How I Learned to Love Job Interviews
John Millen | HR| By
When I was graduating from college way back when, I flirted with law schools but decided the world didn’t need me as a lawyer. As a communications major and former student body president, I thought I could do any number of things so I’d spread my wings and looked at a variety of jobs.
GAUNTLET OF INTERVIEWS
But this meant running the gauntlet of job interviews. (I eventually did more than 30 interviews.) I was hesitant at first, but after a few job interviews I learned to love the process–and was actually bittersweet when I accepted a great offer in marketing with Procter & Gamble.
Here’s how I learned to love doing job interviews, which I teach others today:
THINK OF IT AS A GAME
The problem with job interviews is we get to into our own heads and attach too much importance to the interviews. This creates self-awareness that drives up anxiety and zaps our confidence.
When I thought of the interview as a game, I became more objective, seeing myself as a participant in this game rather than the victim under scrutiny. It was a big relief.
Along with the objectivity came opportunities to be amused. I remember smiling to myself when the very short person who was going to interview me got shook my hand and then got behind the desk.
I sat in a very low chair and the interviewer’s chair was raised very high so I was looking up hill while I answered questions. Rather than feeling intimidated, I felt amused by the comical situation.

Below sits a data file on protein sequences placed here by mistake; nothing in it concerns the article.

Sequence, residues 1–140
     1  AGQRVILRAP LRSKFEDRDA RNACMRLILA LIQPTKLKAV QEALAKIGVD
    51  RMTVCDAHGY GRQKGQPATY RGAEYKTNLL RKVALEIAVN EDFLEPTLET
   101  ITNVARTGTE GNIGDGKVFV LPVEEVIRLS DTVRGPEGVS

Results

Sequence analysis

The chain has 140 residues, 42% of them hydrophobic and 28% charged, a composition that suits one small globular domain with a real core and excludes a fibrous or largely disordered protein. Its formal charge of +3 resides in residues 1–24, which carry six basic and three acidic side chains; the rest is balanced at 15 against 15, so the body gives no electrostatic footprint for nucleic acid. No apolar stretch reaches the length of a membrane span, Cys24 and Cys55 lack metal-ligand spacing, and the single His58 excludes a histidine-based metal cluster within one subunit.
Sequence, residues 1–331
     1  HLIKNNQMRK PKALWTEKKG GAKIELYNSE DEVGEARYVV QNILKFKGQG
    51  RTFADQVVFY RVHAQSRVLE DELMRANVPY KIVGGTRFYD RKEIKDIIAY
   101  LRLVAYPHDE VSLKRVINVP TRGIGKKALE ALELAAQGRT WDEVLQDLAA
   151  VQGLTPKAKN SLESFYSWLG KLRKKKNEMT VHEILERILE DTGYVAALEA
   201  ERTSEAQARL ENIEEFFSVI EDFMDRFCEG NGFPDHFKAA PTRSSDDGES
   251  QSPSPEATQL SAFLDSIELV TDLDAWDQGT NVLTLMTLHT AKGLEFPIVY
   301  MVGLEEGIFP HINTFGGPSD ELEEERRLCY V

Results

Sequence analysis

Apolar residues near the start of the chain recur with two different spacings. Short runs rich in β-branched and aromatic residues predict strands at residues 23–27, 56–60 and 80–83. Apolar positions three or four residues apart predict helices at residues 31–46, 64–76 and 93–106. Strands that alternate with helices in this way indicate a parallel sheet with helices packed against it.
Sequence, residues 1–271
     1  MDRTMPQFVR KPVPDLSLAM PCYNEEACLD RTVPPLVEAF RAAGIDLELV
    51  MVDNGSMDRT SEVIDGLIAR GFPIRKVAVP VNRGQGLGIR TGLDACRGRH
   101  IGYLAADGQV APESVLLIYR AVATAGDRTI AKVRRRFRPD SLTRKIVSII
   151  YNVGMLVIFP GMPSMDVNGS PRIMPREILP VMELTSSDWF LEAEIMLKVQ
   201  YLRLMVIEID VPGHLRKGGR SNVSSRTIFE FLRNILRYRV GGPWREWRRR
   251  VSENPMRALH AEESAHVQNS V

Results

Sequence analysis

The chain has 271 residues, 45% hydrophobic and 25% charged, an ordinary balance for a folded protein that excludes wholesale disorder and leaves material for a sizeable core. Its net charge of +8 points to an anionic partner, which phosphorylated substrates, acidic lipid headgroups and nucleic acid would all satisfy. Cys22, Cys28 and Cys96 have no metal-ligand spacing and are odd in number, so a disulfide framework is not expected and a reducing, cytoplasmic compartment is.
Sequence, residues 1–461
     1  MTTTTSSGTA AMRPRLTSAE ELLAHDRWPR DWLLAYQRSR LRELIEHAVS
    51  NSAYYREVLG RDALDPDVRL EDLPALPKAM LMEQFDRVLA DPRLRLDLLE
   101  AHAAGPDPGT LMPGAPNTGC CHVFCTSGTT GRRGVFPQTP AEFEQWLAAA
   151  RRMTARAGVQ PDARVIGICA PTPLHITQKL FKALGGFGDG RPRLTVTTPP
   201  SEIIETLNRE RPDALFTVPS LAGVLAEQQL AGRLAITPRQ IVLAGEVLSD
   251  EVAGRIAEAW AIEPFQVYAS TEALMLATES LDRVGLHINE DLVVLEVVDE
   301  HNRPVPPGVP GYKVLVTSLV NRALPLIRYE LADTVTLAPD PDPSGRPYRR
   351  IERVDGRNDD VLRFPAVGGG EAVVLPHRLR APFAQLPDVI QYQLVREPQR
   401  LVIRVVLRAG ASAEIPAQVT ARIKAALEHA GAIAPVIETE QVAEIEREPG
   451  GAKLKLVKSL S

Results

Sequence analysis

SELL YOURSELF AS A PRODUCT
I realized early on that getting a job is really a sale process and I happen to be the product I am selling. With this mindset, I was able to feel comfortable talking about my value proposition and my key benefits for employers. Again, it wasn’t about me, it was about my product.
Part of the selling process is being rejected. None of us likes to be rejected so I went looking for a way to deal with the potential hurt. My solution came from a book that suggested one might need to do up to 100 interviews before getting a job. I followed its recommendation to create an index card with the word “NO” written 99 times, followed by one “YES.”
This was a great trick for my mind. I happily lined up the interviews for anything and everything hoping that I’d have the opportunity to slash through another “NO” on my way to “YES.”
As I say, it took me some 30 interviews to get to YES (nine or so at P&G, which is famous for its lengthy interview process).
The thing is, the time went by quickly and painlessly because I found myself having fun. I used this mindset many times since, in job hunts and other aspects of life, and it’s worked like a charm every time.
Give it a try–it never hurts to love what you’re doing.
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